BlackCat confirms BlackMatter roots, but makes an ask of the researcher community

High-profile ransomware cases like the attack on Colonial Pipeline last year have got the industry’s attention. Today’s columnist, Shaun Bertrand of CBI, offers four tips on how security teams can mitigate ransomware. (Michael M. Santiago/Getty Images)

A spokesman for the ransomware most commonly called BlackCat confirmed its lineage as part of the Dark Side/BlackMatter family in an interview with a threat analyst at Recorded Future, and asked that the group be referred to by its advertised name of ALPHV. The connection to Dark Side had been suspected since at least the beginning of the year.

BlackCat/ALPHV emerged last year, but its leaks page shows a large group of victims, which experts believe is a sign of popularity among ransomware affiliate hackers. It was most famously seen in breaches of two German oil companies earlier this month that impacted more than 200 gas stations. Dark Side was most famous for briefly shuttering Colonial Pipeline last year.

"As [designers] of darkmatter [Dark Side / BlackMatter], we suffered from the interception of victims for subsequent decryption by Emsisoft," explained the spokesman, answering a question from analyst Dmitry Smilyanets about why the ALPHV ransomware used individual domains and access tokens for each victim.

Emsisoft had used BlackMatter's wonky communications system, which was not unique for each victim, to find victims and give them a decryptor.

While ALPHV made several claims throughout the interview, all of which may well be the puffery of criminals advertising its brand to potential collaborators, there is good reason to believe in the connection between ALPHV and Dark Side. Researchers quickly noticed design overlaps between the groups. Earlier this week, Emsisoft's Brett Callow told SC Media he was preparing intelligence for release that ALPHV was a rebranding of Dark Side after the group fired its old developer team and hired a new one.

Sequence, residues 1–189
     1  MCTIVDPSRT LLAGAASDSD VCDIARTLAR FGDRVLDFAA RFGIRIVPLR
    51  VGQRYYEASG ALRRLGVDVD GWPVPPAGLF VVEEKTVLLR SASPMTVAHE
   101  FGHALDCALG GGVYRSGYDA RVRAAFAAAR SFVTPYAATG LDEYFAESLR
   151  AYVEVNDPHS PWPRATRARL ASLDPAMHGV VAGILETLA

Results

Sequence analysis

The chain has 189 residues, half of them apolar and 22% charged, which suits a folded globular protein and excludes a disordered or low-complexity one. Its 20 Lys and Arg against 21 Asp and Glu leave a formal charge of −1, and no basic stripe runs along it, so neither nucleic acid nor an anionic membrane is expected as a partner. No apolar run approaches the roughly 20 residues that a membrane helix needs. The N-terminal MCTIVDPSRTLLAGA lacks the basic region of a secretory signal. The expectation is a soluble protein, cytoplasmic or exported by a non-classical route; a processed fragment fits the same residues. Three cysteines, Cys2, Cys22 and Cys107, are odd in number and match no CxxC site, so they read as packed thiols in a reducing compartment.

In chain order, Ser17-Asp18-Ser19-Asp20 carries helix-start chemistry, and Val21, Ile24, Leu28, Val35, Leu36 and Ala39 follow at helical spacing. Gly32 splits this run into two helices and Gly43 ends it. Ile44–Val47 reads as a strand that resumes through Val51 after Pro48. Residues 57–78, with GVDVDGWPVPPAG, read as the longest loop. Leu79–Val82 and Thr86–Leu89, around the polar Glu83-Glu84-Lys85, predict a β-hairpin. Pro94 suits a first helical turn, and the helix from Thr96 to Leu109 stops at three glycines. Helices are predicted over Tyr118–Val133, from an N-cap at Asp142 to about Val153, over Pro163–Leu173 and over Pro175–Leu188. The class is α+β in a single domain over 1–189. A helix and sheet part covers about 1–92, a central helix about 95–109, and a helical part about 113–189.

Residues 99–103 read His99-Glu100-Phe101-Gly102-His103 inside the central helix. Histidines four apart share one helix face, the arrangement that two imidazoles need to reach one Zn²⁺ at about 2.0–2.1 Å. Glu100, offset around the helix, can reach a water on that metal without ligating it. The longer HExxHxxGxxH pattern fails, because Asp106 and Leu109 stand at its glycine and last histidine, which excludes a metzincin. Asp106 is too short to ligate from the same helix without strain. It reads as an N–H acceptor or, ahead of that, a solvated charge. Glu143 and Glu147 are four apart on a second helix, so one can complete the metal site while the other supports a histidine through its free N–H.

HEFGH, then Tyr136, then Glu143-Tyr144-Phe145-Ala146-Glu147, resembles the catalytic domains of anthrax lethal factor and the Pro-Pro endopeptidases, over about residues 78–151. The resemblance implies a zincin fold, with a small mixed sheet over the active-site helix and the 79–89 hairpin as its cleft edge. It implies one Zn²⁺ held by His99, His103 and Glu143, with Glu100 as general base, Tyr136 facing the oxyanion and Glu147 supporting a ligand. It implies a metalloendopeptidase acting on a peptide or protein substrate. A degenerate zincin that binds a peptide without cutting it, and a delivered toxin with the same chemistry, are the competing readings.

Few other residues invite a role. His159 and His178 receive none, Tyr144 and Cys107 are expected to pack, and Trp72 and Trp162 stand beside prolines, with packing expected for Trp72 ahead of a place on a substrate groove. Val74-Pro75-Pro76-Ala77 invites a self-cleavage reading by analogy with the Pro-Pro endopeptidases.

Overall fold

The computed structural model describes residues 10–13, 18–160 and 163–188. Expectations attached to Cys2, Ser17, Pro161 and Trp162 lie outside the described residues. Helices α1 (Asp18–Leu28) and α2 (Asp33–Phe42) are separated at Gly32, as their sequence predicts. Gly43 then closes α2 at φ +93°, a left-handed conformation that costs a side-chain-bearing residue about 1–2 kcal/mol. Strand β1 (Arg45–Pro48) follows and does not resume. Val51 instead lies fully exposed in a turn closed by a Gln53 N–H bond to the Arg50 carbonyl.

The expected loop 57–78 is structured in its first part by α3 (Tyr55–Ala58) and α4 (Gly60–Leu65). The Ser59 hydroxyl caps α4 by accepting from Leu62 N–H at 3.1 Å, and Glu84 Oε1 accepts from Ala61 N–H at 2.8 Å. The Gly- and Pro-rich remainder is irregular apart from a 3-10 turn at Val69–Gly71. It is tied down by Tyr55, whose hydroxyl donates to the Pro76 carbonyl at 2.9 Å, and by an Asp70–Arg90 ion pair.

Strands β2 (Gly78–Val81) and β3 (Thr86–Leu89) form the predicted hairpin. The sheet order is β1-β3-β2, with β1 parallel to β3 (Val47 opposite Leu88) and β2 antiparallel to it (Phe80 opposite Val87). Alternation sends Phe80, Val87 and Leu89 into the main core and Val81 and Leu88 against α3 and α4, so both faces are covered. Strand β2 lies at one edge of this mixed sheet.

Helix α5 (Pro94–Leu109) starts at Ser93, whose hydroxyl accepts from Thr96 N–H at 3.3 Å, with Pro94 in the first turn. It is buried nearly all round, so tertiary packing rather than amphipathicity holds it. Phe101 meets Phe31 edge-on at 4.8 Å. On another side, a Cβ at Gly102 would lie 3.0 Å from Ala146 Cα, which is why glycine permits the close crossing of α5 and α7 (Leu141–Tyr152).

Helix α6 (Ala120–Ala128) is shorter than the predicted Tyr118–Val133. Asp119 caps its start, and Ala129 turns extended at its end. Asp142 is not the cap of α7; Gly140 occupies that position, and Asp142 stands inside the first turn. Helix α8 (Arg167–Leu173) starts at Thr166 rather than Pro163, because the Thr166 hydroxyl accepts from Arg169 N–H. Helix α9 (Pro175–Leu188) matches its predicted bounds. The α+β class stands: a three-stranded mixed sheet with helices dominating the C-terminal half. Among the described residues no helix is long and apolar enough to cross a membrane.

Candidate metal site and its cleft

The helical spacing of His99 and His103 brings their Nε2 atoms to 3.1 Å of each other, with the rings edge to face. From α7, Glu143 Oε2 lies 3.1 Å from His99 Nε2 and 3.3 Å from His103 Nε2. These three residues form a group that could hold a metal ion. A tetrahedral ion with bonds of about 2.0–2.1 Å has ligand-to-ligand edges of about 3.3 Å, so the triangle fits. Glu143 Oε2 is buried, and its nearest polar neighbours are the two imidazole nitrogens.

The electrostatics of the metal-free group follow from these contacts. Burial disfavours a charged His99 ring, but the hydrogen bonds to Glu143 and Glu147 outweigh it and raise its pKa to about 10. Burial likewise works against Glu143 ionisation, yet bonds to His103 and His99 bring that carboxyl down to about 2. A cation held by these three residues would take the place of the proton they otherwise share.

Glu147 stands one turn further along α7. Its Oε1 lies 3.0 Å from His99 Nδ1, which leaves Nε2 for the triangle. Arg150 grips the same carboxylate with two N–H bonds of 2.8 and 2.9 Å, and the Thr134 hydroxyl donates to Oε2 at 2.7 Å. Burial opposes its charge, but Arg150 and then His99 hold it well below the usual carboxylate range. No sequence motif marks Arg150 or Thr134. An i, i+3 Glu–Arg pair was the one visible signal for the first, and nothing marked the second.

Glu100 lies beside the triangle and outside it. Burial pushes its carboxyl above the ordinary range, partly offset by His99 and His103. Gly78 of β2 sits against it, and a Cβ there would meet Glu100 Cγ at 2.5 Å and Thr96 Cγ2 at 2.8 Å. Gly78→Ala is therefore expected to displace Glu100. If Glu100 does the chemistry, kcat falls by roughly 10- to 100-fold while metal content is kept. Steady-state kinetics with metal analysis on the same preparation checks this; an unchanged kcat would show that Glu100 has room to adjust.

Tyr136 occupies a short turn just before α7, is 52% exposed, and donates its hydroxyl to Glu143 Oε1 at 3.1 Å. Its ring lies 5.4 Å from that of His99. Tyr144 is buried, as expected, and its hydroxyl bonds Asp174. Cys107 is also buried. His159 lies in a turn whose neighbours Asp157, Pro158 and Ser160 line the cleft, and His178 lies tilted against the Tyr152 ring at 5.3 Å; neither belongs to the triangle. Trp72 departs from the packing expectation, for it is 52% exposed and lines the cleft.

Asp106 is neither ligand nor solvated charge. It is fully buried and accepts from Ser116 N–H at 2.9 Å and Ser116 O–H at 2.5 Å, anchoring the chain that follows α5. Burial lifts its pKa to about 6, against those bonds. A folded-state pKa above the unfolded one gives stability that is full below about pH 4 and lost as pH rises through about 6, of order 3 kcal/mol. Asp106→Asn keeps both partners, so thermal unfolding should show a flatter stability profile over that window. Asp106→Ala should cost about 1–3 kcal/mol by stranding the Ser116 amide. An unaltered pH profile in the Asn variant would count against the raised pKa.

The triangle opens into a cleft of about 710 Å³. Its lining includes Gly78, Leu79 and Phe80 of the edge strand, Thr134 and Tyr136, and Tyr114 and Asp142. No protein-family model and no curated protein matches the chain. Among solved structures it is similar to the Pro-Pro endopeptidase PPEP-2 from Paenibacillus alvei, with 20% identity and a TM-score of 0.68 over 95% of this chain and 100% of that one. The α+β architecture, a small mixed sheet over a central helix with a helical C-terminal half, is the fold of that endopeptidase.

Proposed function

ALPHV presents itself as an entirely new group made up of the best programmers from different defunct strains of ransomware, though Callow says keeping the Dark Side and BlackMatter brand names at arm's length is to maintain credibility with affiliates.

"The rebrand was driven by the reputational harm from the incompetence resulting in Dark Side ransomware being decrypted. Plus, a portion of the ransom paid by Colonial Pipeline was recovered, which would leave affiliates wondering whether the operation was compromised," said Callow.

"The rebrand lets them say they are a somewhat experienced operation — otherwise, no one would want to work with them," Callow added. "At the same time, they don't want to admit to being BlackMatter because that was associated with the bad things."

There is some irony that ALPHV's breakthrough incident was caused by an oil disruption. International police pressure following the Colonial Pipeline attack, which disrupted oil distribution on the U.S. East Coast, forced Dark Side to shut down. It later re-emerged as BlackMatter.

Ultimately, it is not the ransomware designers who determine who the ransomware affiliates attack. Affiliates are contractors who sometimes use multiple brands of ransomware at a time.

ALPHV told Recorded Future it tries to curate a group of affiliates that will abide by its policies of not attacking government, hospitals, education or Russia's closest allies, but it was limited in what it could do to stop it.

"We control preventively — at registration. As you can see, we do not run an active advertising campaign and easily cut ties with non-compliant partners, but no matter how hard we try to filter people when creating an account — shit happens," the spokesman said.

Joe Uchill

Joe is a senior reporter at SC Weekly, focused on policy issues. He previously covered cybersecurity for Axios, The Hill and the Christian Science Monitor’s short-lived Passcode website.

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